Anybody willing to look beyond the point of their nose will recognize that the question of supplying sufficient energy for a growing world, hungry for universal prosperity, without choking that world on the byproducts of the production and use of that energy, is the major problem at the interface between science and society. A prime, much debated, possible solution to the problem is the wide spread use of nuclear energy. The problems inherent in such a solution are long run resource availability, safety, waste disposal, and the potential for nuclear weapons proliferation. This journal has published science-policy discussions of these issues from different viewpoints, in the past, and will continue to do so in the foreseeable future. This issue contains three articles on aspects of nuclear energy supply and one article on a method of building construction intended to minimize the need for energy and pollution. The books reviewed in this issue also address the needs and risks of alternative energy paradigms. We hope our readers will find these contributions to the energy debate useful and will, themselves, contribute further to the necessary public and professional debate in future pages of this journal.
In as much as a scientific outlook on the world around us is a necessary part of any solutions to our pressing energy and environmental problem, the letters in this issue - addressing the relation between science and religion in our society - are also addressing the same problem. If, because of a perceived conflict between science and religion, American society drifts away from a scientific, evidence-based, problem-solving, mode of thought and action in public affairs, No solutions, nuclear or otherwise, will be found to the problem. Hopefully, our readers - as leaders in science and the community - will recognize the necessary interrelation between these two, apparently very different issues, one apparently abstractly philosophical, the other very practical, and become involved in helping to productively shape our future society.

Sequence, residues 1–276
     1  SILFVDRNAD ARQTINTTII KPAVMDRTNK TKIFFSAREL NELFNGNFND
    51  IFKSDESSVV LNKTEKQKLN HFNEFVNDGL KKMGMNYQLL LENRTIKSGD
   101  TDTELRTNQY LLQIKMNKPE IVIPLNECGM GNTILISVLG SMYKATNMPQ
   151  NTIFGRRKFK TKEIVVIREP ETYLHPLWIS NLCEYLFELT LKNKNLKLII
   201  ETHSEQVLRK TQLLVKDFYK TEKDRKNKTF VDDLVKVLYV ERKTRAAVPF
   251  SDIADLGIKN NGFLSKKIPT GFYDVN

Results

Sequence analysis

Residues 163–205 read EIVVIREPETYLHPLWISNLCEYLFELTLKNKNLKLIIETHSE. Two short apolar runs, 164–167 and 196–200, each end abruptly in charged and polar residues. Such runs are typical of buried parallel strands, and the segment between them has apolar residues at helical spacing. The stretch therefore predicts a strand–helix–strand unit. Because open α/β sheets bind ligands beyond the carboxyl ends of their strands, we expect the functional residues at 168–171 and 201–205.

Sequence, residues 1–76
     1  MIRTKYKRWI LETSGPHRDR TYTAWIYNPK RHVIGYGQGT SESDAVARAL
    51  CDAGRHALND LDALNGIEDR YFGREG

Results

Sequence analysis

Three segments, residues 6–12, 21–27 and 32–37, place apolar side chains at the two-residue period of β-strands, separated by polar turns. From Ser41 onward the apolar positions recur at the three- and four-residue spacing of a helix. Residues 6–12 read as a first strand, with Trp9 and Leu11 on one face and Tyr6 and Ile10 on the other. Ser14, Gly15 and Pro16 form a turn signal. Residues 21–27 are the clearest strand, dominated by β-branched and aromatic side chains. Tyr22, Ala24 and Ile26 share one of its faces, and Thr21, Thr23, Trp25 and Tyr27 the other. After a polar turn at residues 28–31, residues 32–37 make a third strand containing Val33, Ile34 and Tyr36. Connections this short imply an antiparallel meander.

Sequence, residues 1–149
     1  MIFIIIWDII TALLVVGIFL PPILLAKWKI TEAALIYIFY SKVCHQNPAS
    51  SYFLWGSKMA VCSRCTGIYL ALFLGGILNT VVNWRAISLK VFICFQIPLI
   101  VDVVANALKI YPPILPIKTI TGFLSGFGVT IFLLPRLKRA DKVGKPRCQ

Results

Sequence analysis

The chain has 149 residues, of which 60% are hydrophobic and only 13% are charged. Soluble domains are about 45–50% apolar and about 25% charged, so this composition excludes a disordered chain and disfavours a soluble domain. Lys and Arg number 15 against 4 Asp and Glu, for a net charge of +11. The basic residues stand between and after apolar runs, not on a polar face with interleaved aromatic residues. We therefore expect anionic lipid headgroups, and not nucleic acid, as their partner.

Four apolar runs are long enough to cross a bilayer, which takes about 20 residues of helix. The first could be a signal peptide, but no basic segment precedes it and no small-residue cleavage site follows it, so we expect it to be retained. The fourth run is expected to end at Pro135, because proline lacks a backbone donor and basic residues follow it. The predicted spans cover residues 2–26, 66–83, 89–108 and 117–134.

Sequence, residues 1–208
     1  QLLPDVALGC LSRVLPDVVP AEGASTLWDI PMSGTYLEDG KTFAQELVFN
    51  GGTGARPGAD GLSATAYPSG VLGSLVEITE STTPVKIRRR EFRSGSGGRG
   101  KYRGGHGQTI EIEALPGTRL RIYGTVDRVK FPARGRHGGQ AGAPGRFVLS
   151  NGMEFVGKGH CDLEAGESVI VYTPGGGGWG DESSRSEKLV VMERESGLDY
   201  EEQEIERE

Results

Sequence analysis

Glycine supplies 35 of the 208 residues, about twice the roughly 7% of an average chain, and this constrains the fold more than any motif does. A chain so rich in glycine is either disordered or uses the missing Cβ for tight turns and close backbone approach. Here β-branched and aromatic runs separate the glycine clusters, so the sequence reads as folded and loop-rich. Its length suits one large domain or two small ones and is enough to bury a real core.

Reference 3 of David Bodansky’s article in this issue, “The Status of Nuclear Waste Disposal”, refers to an article in our July 2004 issue by William Hannum, Gerald Marsh, and and George Stanford called “Purex and Pyro Are Not the Same”. We call the reader’s attention to a subsequent point/counterpoint style set of articles in our January 2005 issue by Richard Garwin and Hannum et. al. Regarding our announcement in the October 2005 issue about a series of articles on science advice, don’t give up on us! One of us (JJM) concedes defeat on the possibility of obtaining such an article for this issue, but I’m working hard for subsequent issues.